We bought a lightweight chair solely for the purpose of flying, not wanting to trust the Permobil to baggage handlers after they had messed up two manual chairs and I'd heard many horror stories of damage. With the manual chairs they were able to give me a replacement or the missing part they'd lost, but I don't know what would happen with a broken Permobil. The lightweight chair worked fine in Ireland tho the electronics failed at the end of our recent Tucson trip. It's under warranty so they are sending a replacement controller. But it lacks most of the features of the Permobil and I'm not sure how long I'll be able to use it (plane trips are wearing even if nothing goes wrong). Not nearly as stable (weighing 60 instead of 250 lbs) or comfortable. Hadn't thought of using around house (I use a manual chair and walker), but it may be viable for that.

Ed
 

KarenNWendyn

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If you’re going to go this route of a lighter weight chair or scooter prior to getting your main pwc, consider what sort of hand controls it requires.

I briefly had use of a Luggie Scooter (lightweight and folding) from my loaner closet, and found it very hard on my hands. To drive it, you had to be squeezing a lever all the time, and this wore my hands out. I ended up returning the scooter in exchange for a loaner Permobil F3.

Having the loaner pwc had the additional advantage of helping me get used to pwc operation and gave me some insight as to which features I would want on the pwc I ordered through insurance.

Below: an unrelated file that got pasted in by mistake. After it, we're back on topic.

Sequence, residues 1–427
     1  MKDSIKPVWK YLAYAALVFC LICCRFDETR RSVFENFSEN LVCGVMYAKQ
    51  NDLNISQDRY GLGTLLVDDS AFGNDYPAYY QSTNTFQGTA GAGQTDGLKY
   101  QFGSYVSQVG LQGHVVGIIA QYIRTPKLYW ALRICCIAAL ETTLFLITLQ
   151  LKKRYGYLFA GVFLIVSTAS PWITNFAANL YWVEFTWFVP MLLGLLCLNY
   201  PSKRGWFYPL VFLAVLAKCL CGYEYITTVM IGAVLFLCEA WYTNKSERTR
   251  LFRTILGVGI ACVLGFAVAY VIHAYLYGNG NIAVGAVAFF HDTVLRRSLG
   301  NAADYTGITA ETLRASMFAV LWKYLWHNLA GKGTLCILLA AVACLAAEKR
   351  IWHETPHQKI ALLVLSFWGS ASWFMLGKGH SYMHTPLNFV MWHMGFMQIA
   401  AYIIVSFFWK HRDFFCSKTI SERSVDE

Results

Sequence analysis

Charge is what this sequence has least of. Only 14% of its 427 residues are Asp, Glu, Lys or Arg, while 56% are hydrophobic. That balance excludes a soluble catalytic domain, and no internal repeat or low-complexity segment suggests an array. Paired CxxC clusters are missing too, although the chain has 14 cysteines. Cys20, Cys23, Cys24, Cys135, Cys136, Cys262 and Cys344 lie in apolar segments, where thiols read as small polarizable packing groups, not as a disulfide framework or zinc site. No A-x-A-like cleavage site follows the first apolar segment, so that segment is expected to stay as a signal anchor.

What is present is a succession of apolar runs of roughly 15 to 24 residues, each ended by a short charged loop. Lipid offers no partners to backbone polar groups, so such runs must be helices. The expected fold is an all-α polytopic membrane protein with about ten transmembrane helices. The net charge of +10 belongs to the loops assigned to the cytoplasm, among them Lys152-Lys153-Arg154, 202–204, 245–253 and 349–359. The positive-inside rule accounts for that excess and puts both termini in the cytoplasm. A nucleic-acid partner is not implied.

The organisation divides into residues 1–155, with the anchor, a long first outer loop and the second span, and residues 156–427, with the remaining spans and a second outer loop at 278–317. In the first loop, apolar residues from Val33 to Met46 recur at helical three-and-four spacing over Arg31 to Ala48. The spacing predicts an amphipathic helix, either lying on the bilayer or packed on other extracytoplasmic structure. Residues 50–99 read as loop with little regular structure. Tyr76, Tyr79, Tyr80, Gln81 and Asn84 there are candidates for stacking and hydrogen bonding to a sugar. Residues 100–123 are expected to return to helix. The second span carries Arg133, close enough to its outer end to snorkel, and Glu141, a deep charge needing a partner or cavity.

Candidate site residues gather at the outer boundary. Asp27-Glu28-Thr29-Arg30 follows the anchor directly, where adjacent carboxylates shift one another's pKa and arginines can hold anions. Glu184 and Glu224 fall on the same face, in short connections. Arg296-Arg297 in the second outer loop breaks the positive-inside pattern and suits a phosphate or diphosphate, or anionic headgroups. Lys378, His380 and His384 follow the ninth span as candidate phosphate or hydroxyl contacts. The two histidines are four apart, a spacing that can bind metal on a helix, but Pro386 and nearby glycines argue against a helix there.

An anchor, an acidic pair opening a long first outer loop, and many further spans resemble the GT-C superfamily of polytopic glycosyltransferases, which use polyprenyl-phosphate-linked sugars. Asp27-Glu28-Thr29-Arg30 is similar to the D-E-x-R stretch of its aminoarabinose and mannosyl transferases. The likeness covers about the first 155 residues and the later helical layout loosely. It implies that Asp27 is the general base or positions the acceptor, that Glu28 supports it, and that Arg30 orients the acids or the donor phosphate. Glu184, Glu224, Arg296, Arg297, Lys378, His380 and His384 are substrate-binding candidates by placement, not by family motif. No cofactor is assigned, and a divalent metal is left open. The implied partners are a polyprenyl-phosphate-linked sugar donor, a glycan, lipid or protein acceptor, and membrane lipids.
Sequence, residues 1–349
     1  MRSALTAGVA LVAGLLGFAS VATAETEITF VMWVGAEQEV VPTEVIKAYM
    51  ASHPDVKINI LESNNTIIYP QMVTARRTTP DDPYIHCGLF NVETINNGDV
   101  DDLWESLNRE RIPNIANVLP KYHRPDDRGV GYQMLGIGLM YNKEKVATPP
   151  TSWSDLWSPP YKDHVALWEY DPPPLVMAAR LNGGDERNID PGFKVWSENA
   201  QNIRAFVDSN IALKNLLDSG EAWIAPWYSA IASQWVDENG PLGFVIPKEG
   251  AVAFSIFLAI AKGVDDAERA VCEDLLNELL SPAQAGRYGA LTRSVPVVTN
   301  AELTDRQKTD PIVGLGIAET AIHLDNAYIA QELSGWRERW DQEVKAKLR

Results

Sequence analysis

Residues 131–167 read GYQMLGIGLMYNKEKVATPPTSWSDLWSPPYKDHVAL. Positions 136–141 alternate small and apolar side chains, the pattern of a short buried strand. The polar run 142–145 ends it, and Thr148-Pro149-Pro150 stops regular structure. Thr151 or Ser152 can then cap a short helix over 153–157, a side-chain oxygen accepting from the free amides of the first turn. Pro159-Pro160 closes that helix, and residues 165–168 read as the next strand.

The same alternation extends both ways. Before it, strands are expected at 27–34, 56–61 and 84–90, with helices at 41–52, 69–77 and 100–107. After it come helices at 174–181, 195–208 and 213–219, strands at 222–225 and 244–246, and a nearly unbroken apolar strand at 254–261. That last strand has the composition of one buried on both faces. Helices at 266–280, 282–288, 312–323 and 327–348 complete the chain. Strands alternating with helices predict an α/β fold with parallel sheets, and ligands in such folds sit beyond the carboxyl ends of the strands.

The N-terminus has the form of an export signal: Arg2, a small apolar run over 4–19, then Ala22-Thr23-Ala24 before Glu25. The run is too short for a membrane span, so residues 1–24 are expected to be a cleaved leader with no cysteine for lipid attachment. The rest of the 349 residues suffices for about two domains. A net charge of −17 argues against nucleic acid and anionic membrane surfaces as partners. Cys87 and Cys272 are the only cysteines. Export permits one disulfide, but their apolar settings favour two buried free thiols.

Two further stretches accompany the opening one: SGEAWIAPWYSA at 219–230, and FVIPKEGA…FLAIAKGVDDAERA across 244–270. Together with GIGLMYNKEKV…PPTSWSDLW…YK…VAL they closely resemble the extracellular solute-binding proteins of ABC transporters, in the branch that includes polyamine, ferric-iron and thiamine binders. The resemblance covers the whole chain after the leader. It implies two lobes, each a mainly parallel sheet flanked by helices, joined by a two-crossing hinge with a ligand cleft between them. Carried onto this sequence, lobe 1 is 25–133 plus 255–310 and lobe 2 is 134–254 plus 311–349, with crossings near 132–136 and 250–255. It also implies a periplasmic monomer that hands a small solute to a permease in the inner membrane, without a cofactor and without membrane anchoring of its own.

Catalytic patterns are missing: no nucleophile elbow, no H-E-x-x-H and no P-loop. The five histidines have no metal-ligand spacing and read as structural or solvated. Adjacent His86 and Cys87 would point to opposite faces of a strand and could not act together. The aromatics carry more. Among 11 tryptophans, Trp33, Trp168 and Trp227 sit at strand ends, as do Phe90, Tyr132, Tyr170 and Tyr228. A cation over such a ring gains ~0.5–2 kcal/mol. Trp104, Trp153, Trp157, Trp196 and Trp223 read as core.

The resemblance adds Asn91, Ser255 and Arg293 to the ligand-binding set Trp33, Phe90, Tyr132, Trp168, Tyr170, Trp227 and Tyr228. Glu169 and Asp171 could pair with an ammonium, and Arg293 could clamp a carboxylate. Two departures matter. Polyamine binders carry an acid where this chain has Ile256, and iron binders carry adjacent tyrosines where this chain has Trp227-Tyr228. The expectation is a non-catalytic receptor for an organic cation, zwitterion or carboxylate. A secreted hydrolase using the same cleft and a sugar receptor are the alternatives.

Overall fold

That said, there was one member of the forum who raved about the EZ lite cruiser as a lightweight option.
 

John1

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Joined
Feb 25, 2006
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NL
If you want real mobility in the house consider a small mobility scooter like a Pride Go-Go as an interim device before a wheelchair. They have several advantages over a wheelchair including much lower cost ($1000), lightweight and easily moved to a car by a caregiver, easy to get in and out of and narrow (19"). I went from a rollator to a 3-wheel scooter in 2005 and still use it. I do have very slow progression but they would be a good device even for a moderate progressor if you have the necessary finger strength to press the levers for forward and backward. You might see if you can and borrow one from your loaner closet and try it.